It’s not unusual for homeowners to place their home into a trust for various estate planning purposes. According to CNN Money, this is an estate-planning option for even average homeowners and not necessarily only the very wealthy. However, placing the home into a trust may cause some issues when it comes to your home insurance policy. If you find yourself with a house in a trust, you’ll need to sort through the legalities to understand exactly how this should be reflected on your policy. It’s generally something that can be accommodated by most insurance companies, but it’s not going to happen automatically.
First and foremost, you need to make sure that your insurance policy references the name of the trust as an insured. If your home is now owned by the “John Doe Trust,” it should also be named on the insurance policy. Unfortunately, too many homeowners do not take this basic step when they first set up their trust and transfer title of the home. Some assume that nothing has changed from an insurance standpoint or perhaps because they are still the trustee, the policy will reimburse them in the event of a loss. However, in the event of a loss, the home insurance policy will not pay anyone who is not named on the policy. For example, if your home is now in the name of the trust and you are not the trustee, your policy would only pay you for your personal property that you still own in your name. The value of the home cannot be paid to anyone who is not a named insured on the policy.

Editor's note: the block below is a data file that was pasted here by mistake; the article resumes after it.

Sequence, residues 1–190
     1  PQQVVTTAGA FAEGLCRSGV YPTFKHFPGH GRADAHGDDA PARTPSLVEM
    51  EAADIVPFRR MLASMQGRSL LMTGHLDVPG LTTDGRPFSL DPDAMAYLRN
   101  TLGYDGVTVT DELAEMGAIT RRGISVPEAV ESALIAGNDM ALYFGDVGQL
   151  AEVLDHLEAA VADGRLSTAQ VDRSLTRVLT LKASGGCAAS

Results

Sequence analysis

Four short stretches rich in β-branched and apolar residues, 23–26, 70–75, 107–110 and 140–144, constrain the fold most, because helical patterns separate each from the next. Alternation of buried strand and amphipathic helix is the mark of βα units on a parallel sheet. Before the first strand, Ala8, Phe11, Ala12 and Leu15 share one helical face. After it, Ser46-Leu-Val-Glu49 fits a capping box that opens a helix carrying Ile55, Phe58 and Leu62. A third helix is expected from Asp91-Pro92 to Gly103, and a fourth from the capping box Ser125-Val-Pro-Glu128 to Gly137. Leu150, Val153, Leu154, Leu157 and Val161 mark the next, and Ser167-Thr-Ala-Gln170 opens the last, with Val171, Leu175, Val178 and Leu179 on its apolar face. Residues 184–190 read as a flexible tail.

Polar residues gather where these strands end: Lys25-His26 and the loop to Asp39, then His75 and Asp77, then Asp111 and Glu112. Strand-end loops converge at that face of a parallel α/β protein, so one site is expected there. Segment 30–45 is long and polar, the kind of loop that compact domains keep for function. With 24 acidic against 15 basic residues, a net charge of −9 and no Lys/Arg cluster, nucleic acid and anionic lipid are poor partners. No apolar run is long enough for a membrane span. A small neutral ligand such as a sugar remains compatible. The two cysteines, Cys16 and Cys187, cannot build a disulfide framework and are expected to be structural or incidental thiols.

To avoid these problems, you must discuss the ownership structure of your home with your insurance company to ensure that all parties’ interests are properly accounted for within your policy.